He firmly believed in the divine right of Kings and he interpreted all criticism as a challenge to his authority. He was married the French princess Henrietta Maria (absolutist + Catholic) and favoured a minority wing of Anglicans: the Arminians (wished to restore traditional ceremonies and increase the authority of bishops and the clergy).
  • Petition of Rights

    Petition of Rights
    MPs’ complaints in this petition. They requested the King to recognise the illegality of extra-parliamentary taxation, billeting, martial law, imprisonment without trial. They wanted to get Charles to recognise that there were limits to his powers.
    Charles reluctantly signed it but was furious, and as MPs were discussing impeaching Lord Buckingham again, he suspended parliament seating.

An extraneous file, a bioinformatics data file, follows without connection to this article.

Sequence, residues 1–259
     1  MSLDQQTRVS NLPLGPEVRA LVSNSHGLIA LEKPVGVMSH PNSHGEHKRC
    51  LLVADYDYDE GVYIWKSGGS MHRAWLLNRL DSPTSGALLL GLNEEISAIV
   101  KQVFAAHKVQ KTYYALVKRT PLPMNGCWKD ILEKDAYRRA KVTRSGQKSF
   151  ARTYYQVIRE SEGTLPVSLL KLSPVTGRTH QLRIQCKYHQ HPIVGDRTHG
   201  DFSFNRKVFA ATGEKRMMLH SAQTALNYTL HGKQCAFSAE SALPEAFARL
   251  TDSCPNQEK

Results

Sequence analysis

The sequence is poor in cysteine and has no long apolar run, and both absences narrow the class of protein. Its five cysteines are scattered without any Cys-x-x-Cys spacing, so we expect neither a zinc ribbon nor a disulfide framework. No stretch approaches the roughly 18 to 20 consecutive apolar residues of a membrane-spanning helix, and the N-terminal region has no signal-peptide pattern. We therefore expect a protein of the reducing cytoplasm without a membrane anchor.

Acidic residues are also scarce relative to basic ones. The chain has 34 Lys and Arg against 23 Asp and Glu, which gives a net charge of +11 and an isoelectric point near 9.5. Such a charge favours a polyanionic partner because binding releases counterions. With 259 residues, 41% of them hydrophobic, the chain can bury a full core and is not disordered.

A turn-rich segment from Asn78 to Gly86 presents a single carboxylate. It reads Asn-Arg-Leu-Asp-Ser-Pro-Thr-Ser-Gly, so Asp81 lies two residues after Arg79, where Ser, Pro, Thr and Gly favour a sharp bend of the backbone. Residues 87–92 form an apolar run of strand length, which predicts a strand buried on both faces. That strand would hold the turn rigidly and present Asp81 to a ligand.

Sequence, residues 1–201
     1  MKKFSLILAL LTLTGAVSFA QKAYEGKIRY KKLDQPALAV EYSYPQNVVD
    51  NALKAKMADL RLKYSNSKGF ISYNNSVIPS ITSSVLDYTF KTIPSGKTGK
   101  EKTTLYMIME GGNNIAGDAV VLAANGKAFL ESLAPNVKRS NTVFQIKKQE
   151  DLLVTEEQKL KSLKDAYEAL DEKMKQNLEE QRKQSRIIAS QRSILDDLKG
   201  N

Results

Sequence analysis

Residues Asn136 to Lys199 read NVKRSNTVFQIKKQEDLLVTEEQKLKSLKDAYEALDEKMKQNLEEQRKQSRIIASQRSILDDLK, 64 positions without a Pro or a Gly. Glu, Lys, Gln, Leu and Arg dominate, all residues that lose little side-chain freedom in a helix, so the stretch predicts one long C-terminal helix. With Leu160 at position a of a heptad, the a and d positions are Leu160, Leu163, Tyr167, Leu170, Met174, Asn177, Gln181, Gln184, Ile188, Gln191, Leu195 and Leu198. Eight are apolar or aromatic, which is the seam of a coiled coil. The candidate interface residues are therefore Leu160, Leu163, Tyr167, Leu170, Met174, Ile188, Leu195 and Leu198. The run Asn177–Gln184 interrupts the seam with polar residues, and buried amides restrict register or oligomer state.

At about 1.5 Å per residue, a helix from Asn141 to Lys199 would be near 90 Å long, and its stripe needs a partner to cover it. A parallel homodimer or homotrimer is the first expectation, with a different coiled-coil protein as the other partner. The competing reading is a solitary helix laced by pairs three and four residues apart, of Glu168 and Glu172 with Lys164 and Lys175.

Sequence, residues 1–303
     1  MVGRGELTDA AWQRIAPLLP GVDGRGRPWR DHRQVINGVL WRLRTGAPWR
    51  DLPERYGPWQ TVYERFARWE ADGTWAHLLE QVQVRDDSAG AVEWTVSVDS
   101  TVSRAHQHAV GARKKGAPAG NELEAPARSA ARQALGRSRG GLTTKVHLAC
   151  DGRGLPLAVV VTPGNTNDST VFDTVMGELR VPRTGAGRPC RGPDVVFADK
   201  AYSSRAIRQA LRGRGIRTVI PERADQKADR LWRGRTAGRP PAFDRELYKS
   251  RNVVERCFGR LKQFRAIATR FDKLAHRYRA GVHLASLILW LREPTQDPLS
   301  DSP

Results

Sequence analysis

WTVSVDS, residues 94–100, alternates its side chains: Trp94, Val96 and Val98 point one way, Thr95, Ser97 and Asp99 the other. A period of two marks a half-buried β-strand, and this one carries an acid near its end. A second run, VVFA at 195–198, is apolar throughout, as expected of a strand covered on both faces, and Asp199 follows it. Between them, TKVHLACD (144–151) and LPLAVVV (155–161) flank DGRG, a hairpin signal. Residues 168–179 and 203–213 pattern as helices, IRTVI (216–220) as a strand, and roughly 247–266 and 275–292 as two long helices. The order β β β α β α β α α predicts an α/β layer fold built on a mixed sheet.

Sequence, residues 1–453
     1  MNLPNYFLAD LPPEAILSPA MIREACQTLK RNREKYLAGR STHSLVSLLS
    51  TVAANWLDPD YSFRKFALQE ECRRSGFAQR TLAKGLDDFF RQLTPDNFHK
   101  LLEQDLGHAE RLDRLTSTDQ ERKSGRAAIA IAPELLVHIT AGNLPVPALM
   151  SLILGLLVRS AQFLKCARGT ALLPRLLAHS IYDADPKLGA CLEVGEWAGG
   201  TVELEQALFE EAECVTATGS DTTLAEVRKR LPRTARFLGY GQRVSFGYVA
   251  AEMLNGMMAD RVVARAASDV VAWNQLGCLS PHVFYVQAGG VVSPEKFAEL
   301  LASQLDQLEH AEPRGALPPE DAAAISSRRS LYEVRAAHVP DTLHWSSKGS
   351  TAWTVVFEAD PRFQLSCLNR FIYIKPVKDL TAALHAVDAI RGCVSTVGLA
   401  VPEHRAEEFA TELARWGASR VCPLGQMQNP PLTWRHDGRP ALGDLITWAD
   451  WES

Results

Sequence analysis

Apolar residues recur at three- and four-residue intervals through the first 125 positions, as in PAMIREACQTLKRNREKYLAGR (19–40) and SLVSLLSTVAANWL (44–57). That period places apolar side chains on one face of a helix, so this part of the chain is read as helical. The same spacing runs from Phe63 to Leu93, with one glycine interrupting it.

• The Three Resolutions

    The Three Resolutions
    The MPs passed the Three Resolutions and declared that whoever tried to bring in “Popery or Arminianism” or to alter the protestant forms of the Church of England was an enemy of the Kingdom
    as well as anyone advising the King to collect custom duties without Parliament’s consent.
    It was an act of open defiance. Charles imprisoned these MPs and dissolved parliament. He declared there would be no more parliaments = start of the “Personal Rule”
  • Period: to

    The Personal Rule

    11 years when the King ruled without calling a parliament.
    Whig historians called it “The Eleven Years Tyranny”.
  • The New Prayer Book

    The New Prayer Book
    The introduction of the New Prayer Book set Scotland aflame